Suppose a question is mostly good but is just missing a piece of relevant data from the poster (e.g., the poster is asking about an error message in Python but forgot to provide the traceback). Based on my understanding of the three options for triage, I would click "Unsalvageable" because it "lacks certain detail or clarity".
That is precisely what you should do, yes.
The post cannot be salvaged by the community—e.g., via editing. The only way to save it is if the original poster makes an edit. Until that time, it needs to be closed.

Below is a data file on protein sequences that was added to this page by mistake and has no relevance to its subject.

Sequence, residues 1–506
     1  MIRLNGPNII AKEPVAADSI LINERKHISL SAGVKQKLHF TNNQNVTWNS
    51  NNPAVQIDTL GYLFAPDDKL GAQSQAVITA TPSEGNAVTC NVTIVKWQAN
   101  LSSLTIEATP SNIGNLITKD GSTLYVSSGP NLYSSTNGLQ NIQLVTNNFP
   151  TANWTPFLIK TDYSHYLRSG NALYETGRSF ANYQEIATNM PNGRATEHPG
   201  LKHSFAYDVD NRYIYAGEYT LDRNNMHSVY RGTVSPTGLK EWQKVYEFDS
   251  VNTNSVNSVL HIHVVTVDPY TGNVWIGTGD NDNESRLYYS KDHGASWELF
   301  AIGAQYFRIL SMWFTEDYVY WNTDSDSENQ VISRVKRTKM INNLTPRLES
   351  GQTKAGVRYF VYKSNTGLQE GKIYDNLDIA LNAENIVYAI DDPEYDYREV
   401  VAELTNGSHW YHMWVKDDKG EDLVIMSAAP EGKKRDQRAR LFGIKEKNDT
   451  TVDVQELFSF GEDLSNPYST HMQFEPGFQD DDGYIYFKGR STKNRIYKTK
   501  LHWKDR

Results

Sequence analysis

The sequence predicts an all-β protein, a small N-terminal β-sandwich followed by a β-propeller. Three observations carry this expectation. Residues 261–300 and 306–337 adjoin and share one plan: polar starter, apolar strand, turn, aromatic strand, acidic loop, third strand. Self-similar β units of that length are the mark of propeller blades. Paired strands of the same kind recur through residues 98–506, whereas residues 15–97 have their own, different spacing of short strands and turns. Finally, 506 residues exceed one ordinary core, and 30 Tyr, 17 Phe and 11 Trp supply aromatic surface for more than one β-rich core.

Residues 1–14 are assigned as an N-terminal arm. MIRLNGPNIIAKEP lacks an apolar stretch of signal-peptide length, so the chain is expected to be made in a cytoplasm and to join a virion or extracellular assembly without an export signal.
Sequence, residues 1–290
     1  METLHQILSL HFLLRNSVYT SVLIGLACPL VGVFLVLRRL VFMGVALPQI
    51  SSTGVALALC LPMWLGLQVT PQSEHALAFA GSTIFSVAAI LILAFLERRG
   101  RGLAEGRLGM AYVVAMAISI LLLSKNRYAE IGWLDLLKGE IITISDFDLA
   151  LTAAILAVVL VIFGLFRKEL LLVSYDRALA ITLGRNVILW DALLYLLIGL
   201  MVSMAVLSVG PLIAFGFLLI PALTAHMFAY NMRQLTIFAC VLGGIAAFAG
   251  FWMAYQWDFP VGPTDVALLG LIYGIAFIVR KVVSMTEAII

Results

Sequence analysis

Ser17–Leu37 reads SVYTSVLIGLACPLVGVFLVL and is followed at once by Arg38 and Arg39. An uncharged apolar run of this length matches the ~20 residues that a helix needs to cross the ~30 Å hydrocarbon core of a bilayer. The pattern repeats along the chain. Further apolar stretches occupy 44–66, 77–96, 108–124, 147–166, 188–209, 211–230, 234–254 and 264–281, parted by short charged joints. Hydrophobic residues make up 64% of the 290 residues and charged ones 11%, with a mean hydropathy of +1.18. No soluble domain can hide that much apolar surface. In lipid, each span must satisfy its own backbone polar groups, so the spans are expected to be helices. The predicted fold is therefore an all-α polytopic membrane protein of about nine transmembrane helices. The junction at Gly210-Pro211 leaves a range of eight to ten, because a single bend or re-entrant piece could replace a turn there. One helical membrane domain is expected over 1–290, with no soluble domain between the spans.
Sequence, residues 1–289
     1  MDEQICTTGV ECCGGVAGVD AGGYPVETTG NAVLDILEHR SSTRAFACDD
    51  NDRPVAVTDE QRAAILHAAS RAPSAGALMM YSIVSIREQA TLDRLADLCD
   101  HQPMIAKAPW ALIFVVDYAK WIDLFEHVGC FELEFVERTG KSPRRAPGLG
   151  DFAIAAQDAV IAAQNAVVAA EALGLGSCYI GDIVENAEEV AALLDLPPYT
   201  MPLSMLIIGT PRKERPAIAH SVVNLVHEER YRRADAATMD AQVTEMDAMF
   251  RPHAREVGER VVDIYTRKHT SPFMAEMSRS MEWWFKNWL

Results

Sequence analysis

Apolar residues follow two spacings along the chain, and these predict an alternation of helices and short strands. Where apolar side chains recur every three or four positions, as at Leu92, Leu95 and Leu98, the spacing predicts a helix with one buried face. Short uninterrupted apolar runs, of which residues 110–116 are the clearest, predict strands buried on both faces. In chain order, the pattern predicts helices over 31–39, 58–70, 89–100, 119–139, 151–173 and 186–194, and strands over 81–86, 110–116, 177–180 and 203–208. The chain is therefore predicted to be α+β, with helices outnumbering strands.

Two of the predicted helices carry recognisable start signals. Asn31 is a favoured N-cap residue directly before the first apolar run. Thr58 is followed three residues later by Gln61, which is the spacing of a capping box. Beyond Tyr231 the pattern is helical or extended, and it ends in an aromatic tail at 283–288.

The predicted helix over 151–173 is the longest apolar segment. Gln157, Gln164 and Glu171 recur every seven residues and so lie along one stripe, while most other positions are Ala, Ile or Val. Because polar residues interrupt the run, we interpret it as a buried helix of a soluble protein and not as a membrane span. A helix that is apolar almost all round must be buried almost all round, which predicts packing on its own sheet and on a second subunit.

Perhaps I'm missing what the purpose of the triage review queue is but marking a question as "unsalvageable" seems pretty harsh when a simple comment to the poster about adding information would suffice.
The purpose of the Triage review queue is to triage questions quickly, determining whether they look good as is, whether they need some attention from the community (e.g., an edit), or whether they are lacking information or otherwise unsuited for this site (in which case, they need to be closed).
Closing a question is not "harsh". Questions that lack necessary information should be closed as early as possible. You can also choose to leave a comment, if you like, but a comment itself doesn't solve the problem, so it's not sufficient.
Once the question is edited, it can be re-opened. In most cases, an edit by the original author will bump such a just-closed question into the reopen review queue.